Only seven weeks later Dad ran his club championship finishing second in 2:43:39. From this time onwards the marathon became his central focus, he just couldn’t let it go. He ran 27 marathons throughout his life, 17 under 3 hours and his best of 2:33:09 at St Hyacinthe in Canada in 1964. Again, finishing 5th he slowed by 4 minutes on the last lap of a four-lap course (last mile over 8 minutes) to miss his goal of sub-2:30. Ron Wallingford won in 2:22:18. My father’s last sub-3 was a 2:59:33 in the Sydney Wang Marathon of 1985, aged 51. With his increasing years I saw him suffer from his lack of mileage, often shattered at the finish and barely able to walk, but satisfied that he finished. He always finished. Dad loved the marathon but could never do the volume required to achieve his potential.
Eastern Canadian Centennial Marathon Championship
I beg the reader’s indulgence for this long-winded introduction to Jim Beisty’s only marathon win of his career. Dad had run the downhill Boston marathon of 1966, finishing around 100th in 3:10 or thereabouts, the same year Roberta ‘Bobbi’ Gibbs ran unofficially, describing his own performance as a ‘terrible catastrophe’ caused by stomach problems. He didn’t return to Boston in 1967 so missed the hoopla that surrounded Switzer, instead opting for a local marathon held at Toronto’s York University on 6 May 1967, a race recommended by his training partner and Hamilton Olympic clubmate Herb Monck: the Eastern Canadian Centennial Marathon Championship.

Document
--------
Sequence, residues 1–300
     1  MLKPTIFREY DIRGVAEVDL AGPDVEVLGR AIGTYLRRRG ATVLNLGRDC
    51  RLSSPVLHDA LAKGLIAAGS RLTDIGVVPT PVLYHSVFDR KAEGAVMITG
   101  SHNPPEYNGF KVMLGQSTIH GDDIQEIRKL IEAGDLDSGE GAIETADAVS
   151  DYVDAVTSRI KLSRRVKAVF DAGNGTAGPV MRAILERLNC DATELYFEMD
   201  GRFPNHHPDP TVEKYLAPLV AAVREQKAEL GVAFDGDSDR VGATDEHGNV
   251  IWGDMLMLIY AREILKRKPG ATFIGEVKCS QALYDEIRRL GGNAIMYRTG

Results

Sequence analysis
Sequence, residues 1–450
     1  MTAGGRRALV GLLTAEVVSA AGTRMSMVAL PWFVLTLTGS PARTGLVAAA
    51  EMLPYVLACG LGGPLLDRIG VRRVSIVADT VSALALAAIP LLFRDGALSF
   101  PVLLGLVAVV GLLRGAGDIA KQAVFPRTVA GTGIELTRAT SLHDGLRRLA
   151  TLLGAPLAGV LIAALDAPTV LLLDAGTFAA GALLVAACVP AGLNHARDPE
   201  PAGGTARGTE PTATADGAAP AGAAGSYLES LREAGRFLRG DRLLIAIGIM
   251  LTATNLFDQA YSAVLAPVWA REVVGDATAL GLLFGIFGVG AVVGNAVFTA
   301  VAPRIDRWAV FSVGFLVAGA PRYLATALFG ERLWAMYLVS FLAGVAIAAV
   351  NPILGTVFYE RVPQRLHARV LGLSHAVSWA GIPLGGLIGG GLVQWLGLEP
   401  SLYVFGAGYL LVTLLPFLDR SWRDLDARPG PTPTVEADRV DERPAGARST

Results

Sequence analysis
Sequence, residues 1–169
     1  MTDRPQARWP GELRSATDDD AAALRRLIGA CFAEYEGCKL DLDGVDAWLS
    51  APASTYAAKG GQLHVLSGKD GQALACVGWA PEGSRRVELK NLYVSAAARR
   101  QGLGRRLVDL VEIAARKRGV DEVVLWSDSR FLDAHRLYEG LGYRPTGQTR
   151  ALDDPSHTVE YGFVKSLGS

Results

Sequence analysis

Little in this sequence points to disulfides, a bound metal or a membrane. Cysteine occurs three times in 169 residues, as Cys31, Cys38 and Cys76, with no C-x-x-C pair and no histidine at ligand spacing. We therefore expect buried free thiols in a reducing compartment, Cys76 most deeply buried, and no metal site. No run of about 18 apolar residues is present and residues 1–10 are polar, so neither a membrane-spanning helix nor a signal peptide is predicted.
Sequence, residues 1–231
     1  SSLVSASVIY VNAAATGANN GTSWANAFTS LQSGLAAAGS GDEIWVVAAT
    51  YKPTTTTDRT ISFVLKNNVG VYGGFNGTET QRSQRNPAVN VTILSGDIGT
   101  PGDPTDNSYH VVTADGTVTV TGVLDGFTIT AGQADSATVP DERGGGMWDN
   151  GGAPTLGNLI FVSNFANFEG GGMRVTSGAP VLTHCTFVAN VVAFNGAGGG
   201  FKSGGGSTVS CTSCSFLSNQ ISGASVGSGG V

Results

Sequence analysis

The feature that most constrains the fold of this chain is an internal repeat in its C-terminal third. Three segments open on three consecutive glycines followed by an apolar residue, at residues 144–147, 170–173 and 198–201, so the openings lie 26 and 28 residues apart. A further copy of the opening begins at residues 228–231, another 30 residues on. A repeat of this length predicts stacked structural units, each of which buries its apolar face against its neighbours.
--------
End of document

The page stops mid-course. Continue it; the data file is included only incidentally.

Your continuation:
The Centennial of 1967 was a national celebration of Canada’s 100 years of confederation, an array of community events across the country. The marathon event organisers negotiated its inclusion as part of the celebrations, though admittedly low key. You may say big deal, what was so significant about this marathon? Well racing behind Dad was a young girl 13 years of age who ran a world best for women at that time, finishing 6th in 3:15:22.8. Her name is Maureen ‘Moe’ Wilton (now Mancuso). It was also notable for Kathrine Switzer’s presence as a competitor to support Maureen’s ambition. So it was a big deal, at least in a historical context.
At the time Maureen’s performance was viewed more as a novelty, disrespected by the powers that be and less understood by the largely male distance running fraternity. Certainly, the mainstream media had a field day exploiting the usual myths about what it meant or did not mean for womanhood. But today Maureen’s world best is widely known, lauded in a recently published book titled Mighty Moe (2019) as a story of understated advancement in women’s marathon running.
Dad was no different to many others of his generation. Whilst he appreciated Maureen’s performance, he didn’t really think anything of it. Dad’s training diary entry didn’t mention Maureen at all, his only comment being ‘poor field but nice to win a major race.’ As an aside, his diary shows his last six weeks mileage leading into the race as 43,27,55,56,49 and 47 (including the marathon itself, and four days rest immediately beforehand) from a base of 40 miles per week in the preceding three months. His weekly long run was 16 miles, done on four occasions. Objectively, even by yesterday’s standards and allowing for the harsh Canadian weather conditions, it was an abysmal preparation for a marathon. However, his win did result in an invitation to the Canadian Pan American Games marathon trial in Winnipeg.